She was saying over and over under her breath, “Baghun, mahar-krun ekhep jukatiba…” Her voice trembled.

The dragon regarded her for a beat before dropping her head low.  Her slitted nostrils flared and she snorted at the hilt.  Then with a twist of her neck, the beast took the golden blade between her fangs.  Praxidice’s neck muscles bunched and her head shook as she tried to crush the sword between her jaws.  The blade flashed, and the warrior thought she heard a distant scream just before the dragon succeeded.  The metal broke apart and crumbled to sand, turning dark as obsidian as it fell.  The hilt, purposeless, lay absent in the dirt.

The air felt lighter.  Elmiryn took a deep breath as did Nyx.  “A shard of the original sun god is lost…” the warrior murmured.  All turned to her, and she explained.  “When Nathric tore Ortus apart, he consumed his pieces.  When the last three pieces were saved, it was assumed that Praxidice and her sisters had taken in the natures of the other four.  But there were only three dragons, and if Nathric, the shadow king, was made full by but one shard of a god…why wouldn’t the dragons?”

“Tonatiuh was a shard of Ortus…” Nyx breathed.

Sedwick shook his head.  “A shard of a shard.  No doubt, Nathric’s remains were scattered by his followers.  If Tonatiuh were complete, he would’ve been in the sky to wage war with his brothers.  Maybe he had found the other pieces of himself and was close to being whole.  Maybe the dragons didn’t take a full seventh of Ortus, but just a sixteenth.  It would explain how Tonatiuh was so strong against them, yet still not strong enough to go to heaven.” He looked at Quincy.  “He needed more.  He had to possess something just to exist fully in our world, like that sword…Like you.” His pale eyes were apologetic.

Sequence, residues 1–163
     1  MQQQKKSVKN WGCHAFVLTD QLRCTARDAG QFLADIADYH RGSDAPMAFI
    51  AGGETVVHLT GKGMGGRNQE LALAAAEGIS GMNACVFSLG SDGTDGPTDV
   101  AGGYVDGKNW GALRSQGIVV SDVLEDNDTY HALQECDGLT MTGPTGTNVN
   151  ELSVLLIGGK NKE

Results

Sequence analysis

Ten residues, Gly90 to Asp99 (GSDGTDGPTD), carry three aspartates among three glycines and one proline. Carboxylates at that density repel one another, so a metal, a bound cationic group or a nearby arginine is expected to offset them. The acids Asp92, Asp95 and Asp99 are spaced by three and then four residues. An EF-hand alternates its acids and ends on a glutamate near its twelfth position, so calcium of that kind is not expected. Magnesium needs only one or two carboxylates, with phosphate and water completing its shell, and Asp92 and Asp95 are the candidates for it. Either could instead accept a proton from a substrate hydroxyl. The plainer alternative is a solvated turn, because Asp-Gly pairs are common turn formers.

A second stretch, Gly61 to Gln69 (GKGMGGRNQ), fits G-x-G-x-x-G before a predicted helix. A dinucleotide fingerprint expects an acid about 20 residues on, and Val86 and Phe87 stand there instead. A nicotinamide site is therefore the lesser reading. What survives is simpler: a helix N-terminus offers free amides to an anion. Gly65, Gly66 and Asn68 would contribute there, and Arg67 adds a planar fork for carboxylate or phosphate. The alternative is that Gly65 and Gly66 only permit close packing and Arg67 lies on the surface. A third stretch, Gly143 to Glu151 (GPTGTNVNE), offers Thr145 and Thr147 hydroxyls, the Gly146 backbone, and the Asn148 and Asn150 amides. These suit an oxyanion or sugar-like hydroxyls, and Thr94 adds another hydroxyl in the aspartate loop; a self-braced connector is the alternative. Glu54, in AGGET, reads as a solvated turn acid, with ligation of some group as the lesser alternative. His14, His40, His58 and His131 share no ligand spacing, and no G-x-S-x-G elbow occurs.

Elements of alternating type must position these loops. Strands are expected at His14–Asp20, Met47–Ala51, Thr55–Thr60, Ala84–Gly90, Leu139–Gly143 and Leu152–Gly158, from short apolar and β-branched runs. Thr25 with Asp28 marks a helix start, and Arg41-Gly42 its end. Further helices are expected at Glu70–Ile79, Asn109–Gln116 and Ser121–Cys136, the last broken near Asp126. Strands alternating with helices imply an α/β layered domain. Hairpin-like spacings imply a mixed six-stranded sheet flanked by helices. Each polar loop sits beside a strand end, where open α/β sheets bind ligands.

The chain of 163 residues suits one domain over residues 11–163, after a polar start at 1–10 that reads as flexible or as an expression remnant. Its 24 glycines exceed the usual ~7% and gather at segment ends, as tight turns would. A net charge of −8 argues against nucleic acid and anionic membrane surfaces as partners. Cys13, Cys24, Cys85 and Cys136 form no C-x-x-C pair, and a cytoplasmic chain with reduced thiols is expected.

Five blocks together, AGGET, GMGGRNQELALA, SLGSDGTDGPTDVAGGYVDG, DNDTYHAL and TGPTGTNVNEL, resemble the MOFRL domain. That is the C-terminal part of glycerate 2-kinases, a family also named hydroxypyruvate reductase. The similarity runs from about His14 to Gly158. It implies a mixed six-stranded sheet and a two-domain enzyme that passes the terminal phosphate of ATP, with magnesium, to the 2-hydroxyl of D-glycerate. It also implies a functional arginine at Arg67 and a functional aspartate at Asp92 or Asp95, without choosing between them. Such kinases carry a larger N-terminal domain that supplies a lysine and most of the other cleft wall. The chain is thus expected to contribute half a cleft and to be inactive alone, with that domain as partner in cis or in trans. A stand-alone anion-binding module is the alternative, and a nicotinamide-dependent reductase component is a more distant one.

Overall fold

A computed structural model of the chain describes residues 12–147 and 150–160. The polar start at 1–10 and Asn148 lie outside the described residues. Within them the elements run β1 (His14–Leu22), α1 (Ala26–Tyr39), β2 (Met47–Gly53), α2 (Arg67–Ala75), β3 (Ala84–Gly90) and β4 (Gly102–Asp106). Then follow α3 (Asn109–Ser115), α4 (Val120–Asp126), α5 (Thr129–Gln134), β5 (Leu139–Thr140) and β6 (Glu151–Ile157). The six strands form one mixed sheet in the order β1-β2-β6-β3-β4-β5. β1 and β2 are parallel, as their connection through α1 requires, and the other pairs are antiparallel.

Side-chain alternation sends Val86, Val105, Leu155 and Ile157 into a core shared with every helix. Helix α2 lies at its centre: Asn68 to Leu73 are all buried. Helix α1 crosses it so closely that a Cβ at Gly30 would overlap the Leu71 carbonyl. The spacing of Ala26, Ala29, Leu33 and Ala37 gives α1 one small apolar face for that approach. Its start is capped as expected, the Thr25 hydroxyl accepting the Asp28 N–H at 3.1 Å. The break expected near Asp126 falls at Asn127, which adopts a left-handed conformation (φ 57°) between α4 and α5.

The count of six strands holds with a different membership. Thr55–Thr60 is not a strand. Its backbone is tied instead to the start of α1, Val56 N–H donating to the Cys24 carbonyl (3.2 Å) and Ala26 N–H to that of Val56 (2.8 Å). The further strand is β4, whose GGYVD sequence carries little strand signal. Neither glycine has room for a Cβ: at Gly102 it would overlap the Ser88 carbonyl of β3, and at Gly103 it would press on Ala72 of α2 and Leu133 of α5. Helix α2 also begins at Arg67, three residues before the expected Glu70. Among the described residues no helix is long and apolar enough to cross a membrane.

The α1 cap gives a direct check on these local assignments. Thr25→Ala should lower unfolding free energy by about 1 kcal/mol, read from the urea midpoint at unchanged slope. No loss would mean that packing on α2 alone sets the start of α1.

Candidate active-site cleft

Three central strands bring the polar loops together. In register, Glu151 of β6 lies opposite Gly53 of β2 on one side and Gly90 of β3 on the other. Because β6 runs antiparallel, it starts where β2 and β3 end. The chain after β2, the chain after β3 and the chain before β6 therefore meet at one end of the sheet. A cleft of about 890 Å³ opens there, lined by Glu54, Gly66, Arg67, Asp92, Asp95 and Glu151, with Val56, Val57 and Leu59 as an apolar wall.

Quincy’s voice was hollow.  “It doesn’t matter.  None of it matters now.”  She sat on the ground and looked ill, a sentiment that Elmiryn could sympathize with but for different reasons.  The wizard trembled visibly and looked like a small child.  “Oh my gods…what did I just do?” the wizard breathed.

The warrior looked at the tips of her boots.  Her cotton shirt fluttered in the hot breeze.  The acrid scent of things burning sent her thoughts downward.

The dragon, who seemed to sit dwelling on Tonatiuh’s remains, turned and moved toward the remains of her sisters.  She nudged their bloody flesh with her snout and a low whine came up from deep inside her.